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Why is the Qenclosed zero if there's a charge inside the shell?

A solid conducting sphere of radius a is placed inside a conducting shell which has an inner radius b and an outer radius c. There is a charge q1 on the sphere and a charge q2 on the shell.

Find the electric field at point P, where the distance from the center O to P is d, such that b<d<c.

There's a diagram which shows:

radius of solid conducting sphere = a

inner radius of conducting shell = b

outer radius of conducting shell = c

O is the center from which all radii are measured.

Flux = EA = Qencl/εnaught

A = 4∏r^2

E = Qenclosed/ (εnaught*4∏d^2)

I have the solution already, which is E=0, but I don't understand why the charge enclosed is 0. I understand that the charge on the shell spreads to the outer surface of that shell since it's a conductor, so that charge wouldn't be enclosed in the Gaussian sphere with radius d. I don't get why the charge on the solid sphere doesn't count, though.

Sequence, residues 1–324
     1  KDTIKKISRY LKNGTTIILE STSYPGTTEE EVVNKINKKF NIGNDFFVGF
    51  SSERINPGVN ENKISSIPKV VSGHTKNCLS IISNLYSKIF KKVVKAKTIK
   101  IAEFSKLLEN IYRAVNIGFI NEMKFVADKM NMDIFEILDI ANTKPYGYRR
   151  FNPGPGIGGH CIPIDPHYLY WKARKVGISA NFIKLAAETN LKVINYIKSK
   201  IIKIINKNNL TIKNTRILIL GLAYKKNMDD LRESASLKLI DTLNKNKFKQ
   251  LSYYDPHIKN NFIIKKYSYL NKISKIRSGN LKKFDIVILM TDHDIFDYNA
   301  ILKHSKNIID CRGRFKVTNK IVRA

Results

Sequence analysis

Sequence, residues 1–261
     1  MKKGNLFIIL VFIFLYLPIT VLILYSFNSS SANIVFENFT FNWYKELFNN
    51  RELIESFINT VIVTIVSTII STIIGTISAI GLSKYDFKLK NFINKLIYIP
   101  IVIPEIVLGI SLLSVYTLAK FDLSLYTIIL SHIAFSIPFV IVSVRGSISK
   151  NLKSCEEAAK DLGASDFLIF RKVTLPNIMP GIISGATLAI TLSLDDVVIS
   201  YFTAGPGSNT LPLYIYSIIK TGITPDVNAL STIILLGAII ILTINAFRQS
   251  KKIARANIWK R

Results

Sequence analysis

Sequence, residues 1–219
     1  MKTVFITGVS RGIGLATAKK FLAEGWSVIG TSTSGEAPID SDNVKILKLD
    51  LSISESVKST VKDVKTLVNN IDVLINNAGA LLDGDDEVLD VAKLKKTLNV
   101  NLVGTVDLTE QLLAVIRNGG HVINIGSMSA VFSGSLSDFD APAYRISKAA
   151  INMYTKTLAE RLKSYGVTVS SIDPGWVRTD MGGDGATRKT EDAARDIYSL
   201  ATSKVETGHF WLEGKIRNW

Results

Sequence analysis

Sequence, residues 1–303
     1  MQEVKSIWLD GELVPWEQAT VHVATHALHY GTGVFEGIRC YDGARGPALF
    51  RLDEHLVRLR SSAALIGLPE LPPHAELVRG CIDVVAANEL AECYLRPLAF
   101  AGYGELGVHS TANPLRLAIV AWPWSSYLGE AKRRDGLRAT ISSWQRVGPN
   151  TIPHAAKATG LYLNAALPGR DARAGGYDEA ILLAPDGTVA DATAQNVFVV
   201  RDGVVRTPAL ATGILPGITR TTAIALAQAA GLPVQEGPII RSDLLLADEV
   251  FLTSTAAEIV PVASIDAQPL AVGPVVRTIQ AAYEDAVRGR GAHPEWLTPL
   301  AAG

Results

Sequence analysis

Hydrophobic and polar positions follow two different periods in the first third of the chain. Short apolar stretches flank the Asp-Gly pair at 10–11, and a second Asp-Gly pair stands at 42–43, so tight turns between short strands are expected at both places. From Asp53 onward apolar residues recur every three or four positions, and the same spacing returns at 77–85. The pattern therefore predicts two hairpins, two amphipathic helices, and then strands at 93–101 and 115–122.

In the problem before it, the question asked for the electric field at a point in between the solid sphere and the spherical shell, and the answer was kq1/d^2, which means that in the space between, the enclosed charge is q1.

## Homework Statement

A solid conducting sphere of radius a is placed inside a conducting shell which has an inner radius b and an outer radius c. There is a charge q1 on the sphere and a charge q2 on the shell.

Find the electric field at point P, where the distance from the center O to P is d, such that b<d<c.

There's a diagram which shows:

radius of solid conducting sphere = a

inner radius of conducting shell = b

outer radius of conducting shell = c

O is the center from which all radii are measured.

## Homework Equations

Flux = EA = Qencl/εnaught

A = 4∏r^2

## The Attempt at a Solution

E = Qenclosed/ (εnaught*4∏d^2)

I have the solution already, which is E=0, but I don't understand why the charge enclosed is 0. I understand that the charge on the shell spreads to the outer surface of that shell since it's a conductor, so that charge wouldn't be enclosed in the Gaussian sphere with radius d. I don't get why the charge on the solid sphere doesn't count, though.

In the problem before it, the question asked for the electric field at a point in between the solid sphere and the spherical shell, and the answer was kq1/d^2, which means that in the space between, the enclosed charge is q1.

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